Every single moment we experience counts. No dying person’s flashback tells the life of a certain governor or beggar, but his very own. It wouldn’t tell how Davido is giving Chioma assurance, No! It would tell of his day to day life. And “he” here means man or woman, boy or girl.

Cesar Kuriyama shoots one second of video every day as part of an ongoing project to collect all the special bits of his life. You need to watch the 8-minutes TED talk “One Second Every Day” by this man who realized that every day counts in one’s history. The truth is that the moments we live are the greatest treasures we have. It makes me wonder why people forget their own experiences but tell the stories of others- stories they cannot validate. The only person you can give a true testimony of is yourself because you have been with yourself from the first second of your life till now.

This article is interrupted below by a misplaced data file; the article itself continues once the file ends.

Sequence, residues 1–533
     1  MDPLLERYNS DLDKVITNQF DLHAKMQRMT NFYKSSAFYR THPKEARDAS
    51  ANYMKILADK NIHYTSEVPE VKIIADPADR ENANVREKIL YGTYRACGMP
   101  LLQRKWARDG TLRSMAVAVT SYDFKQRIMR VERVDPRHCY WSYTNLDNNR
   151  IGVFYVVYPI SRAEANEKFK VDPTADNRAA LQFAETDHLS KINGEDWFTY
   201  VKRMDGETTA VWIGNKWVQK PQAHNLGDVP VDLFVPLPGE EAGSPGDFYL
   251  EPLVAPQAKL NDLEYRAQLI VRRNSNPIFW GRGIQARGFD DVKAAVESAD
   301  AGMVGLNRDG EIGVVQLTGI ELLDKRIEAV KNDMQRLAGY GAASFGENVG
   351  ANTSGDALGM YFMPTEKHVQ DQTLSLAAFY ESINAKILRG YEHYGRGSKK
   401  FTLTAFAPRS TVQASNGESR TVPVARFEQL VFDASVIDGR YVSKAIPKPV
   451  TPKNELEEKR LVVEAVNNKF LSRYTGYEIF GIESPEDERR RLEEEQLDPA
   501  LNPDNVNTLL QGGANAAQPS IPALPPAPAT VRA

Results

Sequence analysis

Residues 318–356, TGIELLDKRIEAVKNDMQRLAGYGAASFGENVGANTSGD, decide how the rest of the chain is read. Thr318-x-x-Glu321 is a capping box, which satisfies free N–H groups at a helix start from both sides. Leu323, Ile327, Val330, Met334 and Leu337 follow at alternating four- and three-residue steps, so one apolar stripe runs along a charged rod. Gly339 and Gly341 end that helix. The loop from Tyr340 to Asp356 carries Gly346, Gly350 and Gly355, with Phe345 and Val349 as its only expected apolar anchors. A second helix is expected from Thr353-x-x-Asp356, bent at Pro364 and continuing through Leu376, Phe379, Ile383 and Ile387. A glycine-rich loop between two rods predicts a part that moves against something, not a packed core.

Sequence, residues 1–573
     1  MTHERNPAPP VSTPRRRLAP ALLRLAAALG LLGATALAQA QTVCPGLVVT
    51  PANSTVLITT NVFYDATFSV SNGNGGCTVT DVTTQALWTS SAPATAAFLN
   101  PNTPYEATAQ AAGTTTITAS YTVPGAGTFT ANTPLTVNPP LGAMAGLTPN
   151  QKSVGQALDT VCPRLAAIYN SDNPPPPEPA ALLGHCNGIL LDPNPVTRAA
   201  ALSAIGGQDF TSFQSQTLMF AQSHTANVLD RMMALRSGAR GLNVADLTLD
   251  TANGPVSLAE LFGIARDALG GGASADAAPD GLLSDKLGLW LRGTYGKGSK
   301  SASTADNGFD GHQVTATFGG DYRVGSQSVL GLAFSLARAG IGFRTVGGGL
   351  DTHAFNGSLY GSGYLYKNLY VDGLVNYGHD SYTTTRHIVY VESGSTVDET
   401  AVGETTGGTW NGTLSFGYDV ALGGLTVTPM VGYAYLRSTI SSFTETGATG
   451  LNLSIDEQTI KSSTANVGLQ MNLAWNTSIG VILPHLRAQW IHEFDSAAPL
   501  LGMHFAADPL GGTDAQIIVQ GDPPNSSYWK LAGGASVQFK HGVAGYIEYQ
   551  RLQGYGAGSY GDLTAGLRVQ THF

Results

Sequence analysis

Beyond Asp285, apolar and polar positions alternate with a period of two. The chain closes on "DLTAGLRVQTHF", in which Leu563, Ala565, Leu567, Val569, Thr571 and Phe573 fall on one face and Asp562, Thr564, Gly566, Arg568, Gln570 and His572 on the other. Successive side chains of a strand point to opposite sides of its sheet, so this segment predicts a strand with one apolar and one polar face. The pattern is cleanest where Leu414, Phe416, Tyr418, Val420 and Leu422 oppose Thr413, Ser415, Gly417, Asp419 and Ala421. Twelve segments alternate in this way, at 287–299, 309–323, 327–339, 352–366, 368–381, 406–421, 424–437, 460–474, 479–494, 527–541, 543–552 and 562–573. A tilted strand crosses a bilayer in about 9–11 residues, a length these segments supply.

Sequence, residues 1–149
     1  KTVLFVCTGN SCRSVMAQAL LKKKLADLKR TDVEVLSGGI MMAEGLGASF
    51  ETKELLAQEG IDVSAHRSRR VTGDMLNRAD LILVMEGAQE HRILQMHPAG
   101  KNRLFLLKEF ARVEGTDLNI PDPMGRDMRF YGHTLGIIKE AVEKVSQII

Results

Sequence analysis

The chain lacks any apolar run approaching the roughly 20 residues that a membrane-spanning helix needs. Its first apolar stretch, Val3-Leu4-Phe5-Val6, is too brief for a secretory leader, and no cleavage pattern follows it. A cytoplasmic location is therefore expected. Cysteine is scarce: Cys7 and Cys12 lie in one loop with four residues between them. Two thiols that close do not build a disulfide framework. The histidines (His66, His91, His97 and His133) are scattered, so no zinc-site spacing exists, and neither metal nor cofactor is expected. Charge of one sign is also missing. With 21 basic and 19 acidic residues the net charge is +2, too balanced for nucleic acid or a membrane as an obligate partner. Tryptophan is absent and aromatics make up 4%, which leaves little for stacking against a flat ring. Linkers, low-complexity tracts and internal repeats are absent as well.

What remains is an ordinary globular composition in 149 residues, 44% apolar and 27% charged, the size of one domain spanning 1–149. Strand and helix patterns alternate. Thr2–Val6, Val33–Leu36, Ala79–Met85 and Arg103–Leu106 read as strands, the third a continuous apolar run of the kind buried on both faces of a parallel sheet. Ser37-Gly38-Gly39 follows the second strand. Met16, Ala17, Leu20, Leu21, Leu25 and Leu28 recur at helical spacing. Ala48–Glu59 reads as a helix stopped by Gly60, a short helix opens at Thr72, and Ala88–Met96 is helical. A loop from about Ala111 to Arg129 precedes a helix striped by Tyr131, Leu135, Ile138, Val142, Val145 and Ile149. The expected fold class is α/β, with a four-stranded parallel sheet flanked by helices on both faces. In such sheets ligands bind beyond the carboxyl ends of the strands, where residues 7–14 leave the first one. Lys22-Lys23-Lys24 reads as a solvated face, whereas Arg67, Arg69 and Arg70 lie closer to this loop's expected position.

Again, it’s amazing how people don’t know much about themselves and the moments they have lived. Sometimes, I help people do online form entries by filling their biodata and education, work, and other experiences, as well as other personal information. It’s surprising how they ask me to be patient so that they can think or calculate when the year concluded primary school or when they had their second promotion for instance. Also, when I talk with some of my old friends on what happened in class on a certain day and how they reacted, they say “Oh, really? How come you remember? I can’t remember most things I did in secondary school” but these are people who can analyze Obama’s life! If people don’t write about their lives, would we be given the opportunities to study such literatures and talk about them? On the other hand, writing an autobiography like Ben Carson’s “Gifted Hands” would be an uphill task for those who don’t take time to notice or recall their life moments.